Additional file 11:

Overlap with previous raw predictions. Overlaps of our RNA motifs with raw predictions of a prior study [9]. Tab-delimited text file.

Acknowledgements

We thank Nick Carriero and Rob Bjornson for assisting our use of the Yale Life Sciences High Performance Computing Center (NIH grant RR19895-02), Paul Gardner for sharing a list of recently published RNA discovery articless, and Adam Roth, Narisiman Sudarsan, Michelle Meyer, Jonathan Perreault, Jeff Barrick, Zizhen Yao, Elizabeth Tseng, Larry Ruzzo, and Breaker lab members for helpful comments. R.R.B. is a Howard Hughes Medical Institute Investigator.

References

  • Roth A, Breaker RR. The structural and functional diversity of metabolite-binding riboswitches. Annu Rev Biochem. 2009;78:305–335. doi: 10.1146/annurev.biochem.78.070507.135656. [PubMed] [Cross Ref]
  • Waters LS, Storz G. Regulatory RNAs in bacteria. Cell. 2009;136:615–628. doi: 10.1016/j.cell.2009.01.043. [PMC free article] [PubMed] [Cross Ref]
  • Narberhaus F, Vogel J. Regulatory RNAs in prokaryotes: here, there and everywhere. Mol Microbiol. 2009;74:261–269. doi: 10.1111/j.1365-2958.2009.06869.x. [PubMed] [Cross Ref]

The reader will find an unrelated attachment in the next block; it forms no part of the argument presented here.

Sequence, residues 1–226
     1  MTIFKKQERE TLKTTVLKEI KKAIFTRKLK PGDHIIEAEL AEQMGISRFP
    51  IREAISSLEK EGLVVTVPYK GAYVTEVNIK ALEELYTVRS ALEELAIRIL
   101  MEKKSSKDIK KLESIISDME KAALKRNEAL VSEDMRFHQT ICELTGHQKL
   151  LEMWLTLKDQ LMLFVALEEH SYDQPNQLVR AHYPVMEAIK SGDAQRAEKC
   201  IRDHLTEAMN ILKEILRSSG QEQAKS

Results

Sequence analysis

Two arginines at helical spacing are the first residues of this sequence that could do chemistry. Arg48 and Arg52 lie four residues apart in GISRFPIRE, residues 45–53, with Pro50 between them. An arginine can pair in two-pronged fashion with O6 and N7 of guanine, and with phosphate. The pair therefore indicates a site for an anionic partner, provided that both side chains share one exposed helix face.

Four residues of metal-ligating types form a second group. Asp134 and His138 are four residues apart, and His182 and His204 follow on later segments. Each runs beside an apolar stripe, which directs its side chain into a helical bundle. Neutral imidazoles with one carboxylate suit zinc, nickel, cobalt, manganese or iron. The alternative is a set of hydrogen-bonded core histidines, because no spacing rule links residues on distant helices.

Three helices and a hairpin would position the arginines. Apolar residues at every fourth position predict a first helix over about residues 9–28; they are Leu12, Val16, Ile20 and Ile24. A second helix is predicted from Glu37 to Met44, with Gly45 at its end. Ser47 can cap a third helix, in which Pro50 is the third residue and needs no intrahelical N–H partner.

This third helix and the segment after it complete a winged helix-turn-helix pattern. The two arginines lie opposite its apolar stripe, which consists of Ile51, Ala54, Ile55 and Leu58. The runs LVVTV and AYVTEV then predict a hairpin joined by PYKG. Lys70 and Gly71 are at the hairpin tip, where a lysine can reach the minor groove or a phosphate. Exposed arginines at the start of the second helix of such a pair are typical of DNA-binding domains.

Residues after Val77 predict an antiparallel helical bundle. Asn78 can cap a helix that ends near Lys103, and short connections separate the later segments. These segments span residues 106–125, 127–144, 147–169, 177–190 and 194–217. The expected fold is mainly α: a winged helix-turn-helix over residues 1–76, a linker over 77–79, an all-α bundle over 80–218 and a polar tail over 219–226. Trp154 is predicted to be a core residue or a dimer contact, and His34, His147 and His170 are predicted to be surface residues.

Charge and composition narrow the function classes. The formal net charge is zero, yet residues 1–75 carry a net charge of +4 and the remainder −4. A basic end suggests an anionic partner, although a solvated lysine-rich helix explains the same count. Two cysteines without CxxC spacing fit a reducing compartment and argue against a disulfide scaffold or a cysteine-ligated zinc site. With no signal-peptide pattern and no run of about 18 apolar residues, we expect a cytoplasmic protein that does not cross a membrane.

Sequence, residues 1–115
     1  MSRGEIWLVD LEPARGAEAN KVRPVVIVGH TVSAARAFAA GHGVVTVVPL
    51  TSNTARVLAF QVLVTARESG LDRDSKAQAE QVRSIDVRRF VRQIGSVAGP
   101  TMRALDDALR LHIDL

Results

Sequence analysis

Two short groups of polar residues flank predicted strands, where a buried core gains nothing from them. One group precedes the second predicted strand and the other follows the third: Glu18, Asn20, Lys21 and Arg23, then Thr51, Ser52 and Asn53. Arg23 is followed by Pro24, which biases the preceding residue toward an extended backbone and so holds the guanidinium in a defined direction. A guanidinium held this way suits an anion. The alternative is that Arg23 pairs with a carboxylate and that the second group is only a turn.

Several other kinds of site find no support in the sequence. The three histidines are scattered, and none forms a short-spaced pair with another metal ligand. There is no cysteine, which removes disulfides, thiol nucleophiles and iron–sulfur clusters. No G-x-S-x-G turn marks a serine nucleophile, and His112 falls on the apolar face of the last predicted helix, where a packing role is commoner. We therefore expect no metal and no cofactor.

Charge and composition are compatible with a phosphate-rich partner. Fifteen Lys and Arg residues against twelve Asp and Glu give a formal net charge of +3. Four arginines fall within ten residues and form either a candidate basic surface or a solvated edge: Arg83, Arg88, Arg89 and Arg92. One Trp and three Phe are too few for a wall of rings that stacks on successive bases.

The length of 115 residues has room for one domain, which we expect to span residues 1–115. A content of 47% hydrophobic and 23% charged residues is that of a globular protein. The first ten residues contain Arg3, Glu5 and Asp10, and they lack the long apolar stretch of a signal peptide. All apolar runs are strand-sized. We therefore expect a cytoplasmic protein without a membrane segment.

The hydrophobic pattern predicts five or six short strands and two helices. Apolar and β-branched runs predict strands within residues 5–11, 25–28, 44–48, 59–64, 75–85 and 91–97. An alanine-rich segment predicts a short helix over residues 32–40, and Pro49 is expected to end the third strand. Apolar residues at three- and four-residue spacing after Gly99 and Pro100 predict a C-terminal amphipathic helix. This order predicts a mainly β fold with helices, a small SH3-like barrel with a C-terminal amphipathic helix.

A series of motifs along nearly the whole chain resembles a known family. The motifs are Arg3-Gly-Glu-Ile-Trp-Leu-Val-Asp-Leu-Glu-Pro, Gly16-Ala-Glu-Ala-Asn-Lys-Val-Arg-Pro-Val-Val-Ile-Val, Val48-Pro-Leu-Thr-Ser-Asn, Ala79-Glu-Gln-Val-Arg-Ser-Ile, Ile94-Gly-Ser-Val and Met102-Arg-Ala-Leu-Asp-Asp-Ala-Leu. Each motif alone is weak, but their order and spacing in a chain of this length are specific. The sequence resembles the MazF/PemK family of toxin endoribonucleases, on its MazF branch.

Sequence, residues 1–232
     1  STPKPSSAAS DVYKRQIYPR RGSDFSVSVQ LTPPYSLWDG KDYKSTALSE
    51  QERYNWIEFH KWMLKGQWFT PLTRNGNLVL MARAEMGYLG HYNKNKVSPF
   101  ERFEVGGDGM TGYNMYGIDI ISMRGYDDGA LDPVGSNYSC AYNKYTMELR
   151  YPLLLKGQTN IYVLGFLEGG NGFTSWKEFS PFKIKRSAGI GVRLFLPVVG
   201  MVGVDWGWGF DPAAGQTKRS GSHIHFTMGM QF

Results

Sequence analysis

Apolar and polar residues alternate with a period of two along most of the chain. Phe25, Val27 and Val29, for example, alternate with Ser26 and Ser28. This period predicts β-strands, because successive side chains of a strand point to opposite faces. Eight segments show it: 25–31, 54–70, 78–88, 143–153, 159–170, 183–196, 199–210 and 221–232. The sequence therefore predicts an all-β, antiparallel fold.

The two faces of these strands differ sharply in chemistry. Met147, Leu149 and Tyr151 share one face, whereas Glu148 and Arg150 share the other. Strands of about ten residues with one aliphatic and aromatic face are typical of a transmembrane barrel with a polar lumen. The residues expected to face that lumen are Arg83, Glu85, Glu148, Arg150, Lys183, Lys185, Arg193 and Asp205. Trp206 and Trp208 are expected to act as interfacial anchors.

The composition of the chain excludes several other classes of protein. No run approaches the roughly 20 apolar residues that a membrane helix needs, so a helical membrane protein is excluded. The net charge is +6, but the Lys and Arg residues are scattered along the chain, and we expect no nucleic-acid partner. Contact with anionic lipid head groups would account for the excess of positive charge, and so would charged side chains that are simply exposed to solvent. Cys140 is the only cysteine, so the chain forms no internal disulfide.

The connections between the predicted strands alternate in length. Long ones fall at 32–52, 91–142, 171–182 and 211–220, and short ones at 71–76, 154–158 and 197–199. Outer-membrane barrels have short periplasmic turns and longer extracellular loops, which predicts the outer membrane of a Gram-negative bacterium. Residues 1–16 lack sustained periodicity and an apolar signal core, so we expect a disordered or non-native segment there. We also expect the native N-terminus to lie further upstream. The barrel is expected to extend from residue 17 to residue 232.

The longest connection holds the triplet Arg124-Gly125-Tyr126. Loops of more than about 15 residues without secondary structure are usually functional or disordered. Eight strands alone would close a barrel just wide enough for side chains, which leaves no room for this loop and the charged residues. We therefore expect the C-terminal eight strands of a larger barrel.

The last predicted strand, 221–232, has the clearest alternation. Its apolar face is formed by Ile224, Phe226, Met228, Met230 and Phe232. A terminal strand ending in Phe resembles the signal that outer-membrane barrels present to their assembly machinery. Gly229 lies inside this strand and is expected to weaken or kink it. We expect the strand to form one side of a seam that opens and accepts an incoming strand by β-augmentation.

• Rivas E, Eddy SR. Noncoding RNA gene detection using comparative sequence analysis. BMC Bioinformatics. 2001;2:8. doi: 10.1186/1471-2105-2-8. [PMC free article] [PubMed] [Cross Ref]
  • Barrick JE, Corbino KA, Winkler WC, Nahvi A, Mandal M, Collins J, Lee M, Roth A, Sudarsan N, Jona I, Wickiser JK, Breaker RR. New RNA motifs suggest an expanded scope for riboswitches in bacterial genetic control. Proc Natl Acad Sci USA. 2004;101:6421–6426. doi: 10.1073/pnas.0308014101. [PMC free article] [PubMed] [Cross Ref]
  • Corbino KA, Barrick JE, Lim J, Welz R, Tucker BJ, Puskarz I, Mandal M, Rudnick ND, Breaker RR. Evidence for a second class of S -adenosylmethionine riboswitches and other regulatory RNA motifs in alpha-proteobacteria. Genome Biol. 2005;6:R70. doi: 10.1186/gb-2005-6-8-r70. [PMC free article] [PubMed] [Cross Ref]
  • Meyer IM. A practical guide to the art of RNA gene prediction. Brief Bioinform. 2007;8:396–414. doi: 10.1093/bib/bbm011. [PubMed] [Cross Ref]